Neels Blom Writer at large
A young boy fetches coal from a defunct mine in Ermelo, Mpumalanga, in an operation run by illegal miners. Picture: GALLO IMAGES
A young boy fetches coal from a defunct mine in Ermelo, Mpumalanga, in an operation run by illegal miners. Picture: GALLO IMAGES

The High Court in Pretoria has set aside the government’s permission granted to Indian-owned company Atha-Africa Ventures to mine coal in the water-critical Mabola Protected Environment near Wakkerstroom in Mpumalanga.

Mabola is part of the Enkangala Drakensberg Strategic Water Source Area, which constitutes the headwaters of several critically important rivers, including the Vaal. The Vaal River supplies water to SA’s industrial heartland, including about 45% of the country’s population.

The Mabola area was declared protected in 2014 under the Protected Areas Act by the provincial government as part of  more than 70,000ha of protected area in the Mpumalanga grasslands. This action followed years of research and planning by several government agencies, including the environmental affairs department, the SA National Biodiversity Institute and the Mpumalanga Tourism & Parks Agency.

The permission given to Atha-Africa Ventures was the first in SA for a new mine in a protected environment.

The application for a review of the permissions was brought by the coalition of eight civil society organisations.

In setting aside the permission, Judge Norman Davis found that the late environmental affairs minister Edna Molewa and former mineral resources minister Mosebenzi Zwane had committed “an impermissible abdication of decision-making authority” when they granted the mining permission in 2016.

In a scathing judgment , he criticised the ministers for failing independently to exercise their discretion under the Protected Areas Act and for their failure to apply a cautionary approach when dealing with “sensitive, vulnerable, highly dynamic or stressed ecosystems”.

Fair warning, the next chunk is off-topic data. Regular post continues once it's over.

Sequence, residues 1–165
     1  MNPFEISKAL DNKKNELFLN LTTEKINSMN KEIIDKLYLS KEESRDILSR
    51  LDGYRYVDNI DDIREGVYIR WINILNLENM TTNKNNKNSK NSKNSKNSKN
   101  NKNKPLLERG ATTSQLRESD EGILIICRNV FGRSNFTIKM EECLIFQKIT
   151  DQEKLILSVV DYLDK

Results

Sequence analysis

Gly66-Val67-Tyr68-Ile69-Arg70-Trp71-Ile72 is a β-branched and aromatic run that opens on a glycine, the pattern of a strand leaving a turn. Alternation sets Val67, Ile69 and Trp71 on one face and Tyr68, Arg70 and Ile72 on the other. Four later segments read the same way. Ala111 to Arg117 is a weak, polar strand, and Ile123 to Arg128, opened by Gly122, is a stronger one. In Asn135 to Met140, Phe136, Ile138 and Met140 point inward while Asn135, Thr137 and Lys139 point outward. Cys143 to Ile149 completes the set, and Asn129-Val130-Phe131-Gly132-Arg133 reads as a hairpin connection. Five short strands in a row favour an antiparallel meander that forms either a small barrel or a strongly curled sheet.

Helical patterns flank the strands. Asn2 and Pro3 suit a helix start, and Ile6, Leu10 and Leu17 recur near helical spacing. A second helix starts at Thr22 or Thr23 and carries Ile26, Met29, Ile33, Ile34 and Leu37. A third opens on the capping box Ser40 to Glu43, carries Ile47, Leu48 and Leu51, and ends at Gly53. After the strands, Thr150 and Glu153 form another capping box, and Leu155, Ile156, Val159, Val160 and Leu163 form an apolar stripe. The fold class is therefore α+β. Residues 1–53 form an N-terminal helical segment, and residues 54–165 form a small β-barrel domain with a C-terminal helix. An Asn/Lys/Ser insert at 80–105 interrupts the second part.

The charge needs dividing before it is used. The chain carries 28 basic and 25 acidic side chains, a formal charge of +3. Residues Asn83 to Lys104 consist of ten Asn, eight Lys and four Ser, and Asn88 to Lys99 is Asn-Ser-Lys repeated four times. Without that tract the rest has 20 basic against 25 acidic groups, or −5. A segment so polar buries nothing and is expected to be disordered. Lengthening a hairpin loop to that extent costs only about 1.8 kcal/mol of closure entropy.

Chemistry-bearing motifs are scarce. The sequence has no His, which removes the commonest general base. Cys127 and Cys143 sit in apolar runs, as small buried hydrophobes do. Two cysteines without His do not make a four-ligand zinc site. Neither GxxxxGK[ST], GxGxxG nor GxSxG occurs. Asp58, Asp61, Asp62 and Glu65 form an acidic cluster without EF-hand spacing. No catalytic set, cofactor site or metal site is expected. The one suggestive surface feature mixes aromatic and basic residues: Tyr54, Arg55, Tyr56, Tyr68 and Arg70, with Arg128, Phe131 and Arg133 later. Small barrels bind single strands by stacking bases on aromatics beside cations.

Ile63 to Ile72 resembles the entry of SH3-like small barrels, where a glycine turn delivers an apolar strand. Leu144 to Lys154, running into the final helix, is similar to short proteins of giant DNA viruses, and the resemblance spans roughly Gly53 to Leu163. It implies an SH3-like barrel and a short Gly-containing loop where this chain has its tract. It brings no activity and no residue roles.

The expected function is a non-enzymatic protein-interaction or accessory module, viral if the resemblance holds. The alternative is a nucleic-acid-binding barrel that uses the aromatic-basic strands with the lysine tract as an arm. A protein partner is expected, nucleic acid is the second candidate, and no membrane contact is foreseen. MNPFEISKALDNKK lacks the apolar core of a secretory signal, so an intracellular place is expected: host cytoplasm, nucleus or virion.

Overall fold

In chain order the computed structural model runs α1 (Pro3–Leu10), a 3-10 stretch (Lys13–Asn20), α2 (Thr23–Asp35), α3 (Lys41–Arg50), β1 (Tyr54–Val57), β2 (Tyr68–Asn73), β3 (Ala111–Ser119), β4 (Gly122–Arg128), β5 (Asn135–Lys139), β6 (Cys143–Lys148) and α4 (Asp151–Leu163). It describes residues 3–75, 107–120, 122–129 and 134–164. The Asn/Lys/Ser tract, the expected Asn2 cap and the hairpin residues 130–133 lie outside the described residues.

Davis said that, on more than one level, the ministers had not appreciated their distinctive duties and neither had they fulfilled them in the manner in which they came to their conclusions.

He said there was a “disturbing feature in the conduct of the ministers or their departments which gave rise to one of the complaints of a lack of transparency, and it is this: the primary beneficiaries of the mining activity sought to be permitted are based offshore and their local BEE component is, to an extent, politically connected”.

Davis awarded punitive costs to the applicants.  Atha-Africa was neither liable nor entitled to costs.

The proposed underground mine, to be known as Yzermyn, was expected to operate for 15 years and provide 550 to 600 permanent jobs. Atha-Africa senior vice-president Praveer Tripathi was not available for comment on Thursday. A company spokesperson said its legal team would discuss the implications of the judgment.

Catherine Horsfield, attorney at the Centre for Environmental Rights, said the judgment confirmed to the government and developers proposing heavily polluting projects in environmentally sensitive areas that exceptional circumstances must be shown to exist to justify a proposed development.

“The judgment also confirms the foundational principles of our law that went awry when the ministers made their decisions to permit mining here. These are that no decision of this magnitude can be made unless a fair, proper and transparent decision-making process has been followed,” said Horsfield.

Mashile Phalane, spokesperson for the Mining and Environmental Justice Community Network of SA, said the judgment was a victory for environmental justice. “We want to see protected areas actually protected against mining by our government as custodians of the environment on behalf of all South Africans. This custodianship is violated if decisions that have such important consequences are taken behind closed doors.”